Legendary Supermodel Turned Journalist Gail O’Neill Has Died

She appeared on several covers of Essence, and in 2008, she posed for Vogue Italia for its iconic “Black Issue” to bring awareness for the lack of diversity in the fashion and beauty industry.

With heavy hearts, we report that legendary supermodel turned journalist Gail O’Neill has died. She was 60.

Earlier this week, posts began floating around Instagram commemorating her life and legacy. On Thursday (October 12), her death was confirmed by her agency with Vogue.

As the daughter of Jamaican immigrants and one of three siblings, O’Neill was destined for success, and became a pioneer who served as an agent of change in the fashion industry.

In 1985, she began making a name for herself while working at Xerox in marketing and sales. Things took a fashionable turn for her when photographer Chuck Barry scouted her. She soon landed representation at Click Models, and then, in March 1986, she graced the cover of British Vogue. That launched a movement of Black models, revered as a renaissance, charted by models securing high fashion gigs in magazines and on runways.

Gail would become the face of Avon, Esprit, and Diet Coke, among other high-profile brands. Throughout her career, she was front and center on magazine covers for Essence, Glamour, Elle, and Mademoiselle. One of her career's most talked about highlights was landing the 1992 cover of the coveted Sports Illustrated Swimsuit Issue.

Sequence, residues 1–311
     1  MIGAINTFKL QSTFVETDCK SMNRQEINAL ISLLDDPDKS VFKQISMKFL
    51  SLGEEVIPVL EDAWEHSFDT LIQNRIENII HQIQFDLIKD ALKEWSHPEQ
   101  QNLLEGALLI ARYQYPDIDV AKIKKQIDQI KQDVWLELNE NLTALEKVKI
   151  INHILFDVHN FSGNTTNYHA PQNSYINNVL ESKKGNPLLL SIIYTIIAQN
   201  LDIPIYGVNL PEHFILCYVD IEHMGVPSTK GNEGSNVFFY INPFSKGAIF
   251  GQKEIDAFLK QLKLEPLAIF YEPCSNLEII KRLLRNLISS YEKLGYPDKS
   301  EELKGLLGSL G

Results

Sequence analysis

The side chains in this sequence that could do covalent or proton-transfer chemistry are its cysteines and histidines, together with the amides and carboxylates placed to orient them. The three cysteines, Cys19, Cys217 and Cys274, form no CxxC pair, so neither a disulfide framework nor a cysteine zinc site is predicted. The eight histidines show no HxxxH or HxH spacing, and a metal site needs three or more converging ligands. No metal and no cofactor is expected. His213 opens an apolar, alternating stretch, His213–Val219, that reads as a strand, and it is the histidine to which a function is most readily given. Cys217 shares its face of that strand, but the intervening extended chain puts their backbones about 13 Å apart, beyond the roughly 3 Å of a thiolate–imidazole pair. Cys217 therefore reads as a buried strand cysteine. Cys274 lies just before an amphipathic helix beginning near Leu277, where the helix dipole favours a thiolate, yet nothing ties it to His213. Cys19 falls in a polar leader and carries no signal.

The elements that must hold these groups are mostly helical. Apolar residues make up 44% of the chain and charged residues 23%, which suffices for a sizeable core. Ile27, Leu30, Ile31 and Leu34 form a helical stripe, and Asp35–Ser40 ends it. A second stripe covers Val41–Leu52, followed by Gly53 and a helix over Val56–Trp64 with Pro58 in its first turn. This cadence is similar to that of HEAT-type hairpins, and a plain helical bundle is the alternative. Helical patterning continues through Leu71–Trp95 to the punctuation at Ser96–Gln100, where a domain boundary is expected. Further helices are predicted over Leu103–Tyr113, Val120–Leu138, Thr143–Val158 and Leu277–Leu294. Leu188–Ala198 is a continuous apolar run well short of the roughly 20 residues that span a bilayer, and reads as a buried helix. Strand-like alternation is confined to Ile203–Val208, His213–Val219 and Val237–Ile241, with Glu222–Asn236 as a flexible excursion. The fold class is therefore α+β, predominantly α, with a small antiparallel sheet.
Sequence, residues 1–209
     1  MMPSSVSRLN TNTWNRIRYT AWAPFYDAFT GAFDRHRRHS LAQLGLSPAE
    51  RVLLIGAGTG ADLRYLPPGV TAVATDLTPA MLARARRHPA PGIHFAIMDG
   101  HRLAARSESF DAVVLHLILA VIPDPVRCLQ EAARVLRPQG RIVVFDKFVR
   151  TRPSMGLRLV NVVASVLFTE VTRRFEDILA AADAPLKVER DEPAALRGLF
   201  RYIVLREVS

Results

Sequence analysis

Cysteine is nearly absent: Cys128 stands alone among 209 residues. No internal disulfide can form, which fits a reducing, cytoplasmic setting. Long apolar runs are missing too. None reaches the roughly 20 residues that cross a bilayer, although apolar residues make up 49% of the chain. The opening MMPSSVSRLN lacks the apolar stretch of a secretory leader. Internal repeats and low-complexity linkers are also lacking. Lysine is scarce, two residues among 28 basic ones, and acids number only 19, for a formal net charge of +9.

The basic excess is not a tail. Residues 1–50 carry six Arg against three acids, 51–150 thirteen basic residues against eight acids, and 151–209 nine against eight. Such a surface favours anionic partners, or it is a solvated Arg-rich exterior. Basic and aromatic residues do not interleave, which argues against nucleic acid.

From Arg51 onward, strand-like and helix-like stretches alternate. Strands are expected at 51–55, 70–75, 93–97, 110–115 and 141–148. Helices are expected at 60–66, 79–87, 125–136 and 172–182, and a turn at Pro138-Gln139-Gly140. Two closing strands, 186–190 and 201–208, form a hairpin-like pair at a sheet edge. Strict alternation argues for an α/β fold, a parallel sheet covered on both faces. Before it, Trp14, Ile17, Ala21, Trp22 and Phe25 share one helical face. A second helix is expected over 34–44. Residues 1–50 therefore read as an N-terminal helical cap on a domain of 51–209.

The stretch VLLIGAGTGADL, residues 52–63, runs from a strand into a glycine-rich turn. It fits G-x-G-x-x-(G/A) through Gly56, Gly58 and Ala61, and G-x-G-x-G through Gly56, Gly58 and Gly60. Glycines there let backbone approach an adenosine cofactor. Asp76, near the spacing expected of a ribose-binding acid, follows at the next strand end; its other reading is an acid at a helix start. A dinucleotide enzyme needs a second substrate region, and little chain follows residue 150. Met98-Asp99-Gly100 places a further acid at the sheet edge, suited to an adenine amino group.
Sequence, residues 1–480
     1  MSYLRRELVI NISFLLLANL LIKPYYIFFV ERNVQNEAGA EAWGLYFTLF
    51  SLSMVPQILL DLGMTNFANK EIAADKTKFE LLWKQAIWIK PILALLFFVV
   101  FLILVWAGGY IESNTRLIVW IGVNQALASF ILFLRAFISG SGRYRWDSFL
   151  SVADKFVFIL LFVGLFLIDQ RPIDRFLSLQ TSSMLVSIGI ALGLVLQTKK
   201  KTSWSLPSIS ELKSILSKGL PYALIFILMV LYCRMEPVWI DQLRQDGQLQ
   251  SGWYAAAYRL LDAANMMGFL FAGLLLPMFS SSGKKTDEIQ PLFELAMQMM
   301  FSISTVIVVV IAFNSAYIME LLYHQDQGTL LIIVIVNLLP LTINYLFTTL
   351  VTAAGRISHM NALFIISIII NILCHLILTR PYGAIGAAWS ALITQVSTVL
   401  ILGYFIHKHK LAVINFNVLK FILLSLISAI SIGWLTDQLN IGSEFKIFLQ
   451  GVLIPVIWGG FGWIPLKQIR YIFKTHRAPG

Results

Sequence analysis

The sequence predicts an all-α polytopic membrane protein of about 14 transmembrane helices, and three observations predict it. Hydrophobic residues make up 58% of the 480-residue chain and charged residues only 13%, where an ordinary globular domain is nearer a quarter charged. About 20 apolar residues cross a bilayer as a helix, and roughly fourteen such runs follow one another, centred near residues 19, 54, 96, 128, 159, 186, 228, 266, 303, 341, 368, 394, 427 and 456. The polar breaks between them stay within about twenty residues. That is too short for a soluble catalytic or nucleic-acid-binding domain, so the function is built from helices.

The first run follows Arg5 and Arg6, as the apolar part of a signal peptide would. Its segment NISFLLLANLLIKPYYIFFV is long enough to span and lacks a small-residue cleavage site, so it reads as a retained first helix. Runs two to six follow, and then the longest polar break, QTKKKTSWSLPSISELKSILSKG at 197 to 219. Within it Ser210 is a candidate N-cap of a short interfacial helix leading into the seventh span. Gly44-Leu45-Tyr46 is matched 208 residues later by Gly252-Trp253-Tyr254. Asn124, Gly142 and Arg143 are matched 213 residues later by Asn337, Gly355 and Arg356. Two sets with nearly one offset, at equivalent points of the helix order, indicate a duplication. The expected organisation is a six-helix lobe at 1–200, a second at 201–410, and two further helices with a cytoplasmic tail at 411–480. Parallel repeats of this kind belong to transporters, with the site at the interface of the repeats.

In 2013, she reflected on her childhood and how beauty helped shaped her view of the world. “Beauty, or a lack of it, was not something I ever thought about as a young child,” she said. “In fact, I think children are far more adept at perceiving true beauty, because they haven’t been corrupted by outside forces. Likewise, the older we get, and the more we buy into mass media’s definition of beauty, the more likely we are to find fault with ourselves and others

“I was no different, and by the time I was 11 or 12 years old I was convinced that my tall, skinny frame was some kind of cosmic joke...with me the punchline.”

O'Neill later became a fashion industry force, though she faced rejection. In 1988, she joined the Black Girls Coalition, founded by Iman and  Bethann Hardison, who told The Hollywood Reporter, "I just wanted to celebrate Black models. I wanted them to see each other."

She pivoted careers in 1999 when she became a correspondent for The Early Show on NBC. She also worked for CNN and HGTV. In 2000, she relocated to Atlanta and became an editor-at-large for ArtsATL. "This is such a huge loss. Gail was a great journalist who cared about her craft, and the people she wrote about," said ArtsATL executive editor Scott Freeman.

"She was a strong ambassador for us in addition to her stellar journalism. She was also a dear friend. Sometimes it felt like she held the city of Atlanta in the palm of her hand; whenever we went to an event together, everyone seemed to know her and wanted to be around her. Gail was special: Humble, vivacious, caring. Simply one of the most incredible people I've ever known."

The trailblazer continued to use her voice and striking beauty to spread awareness of the lack of diversity in the fashion and beauty industry. In July 2008, she posed for Vogue Italia's Black Issue, which sold out in the United States and the U.K. within 24 hours of hitting newsstands.

Her cause of death has not been disclosed.

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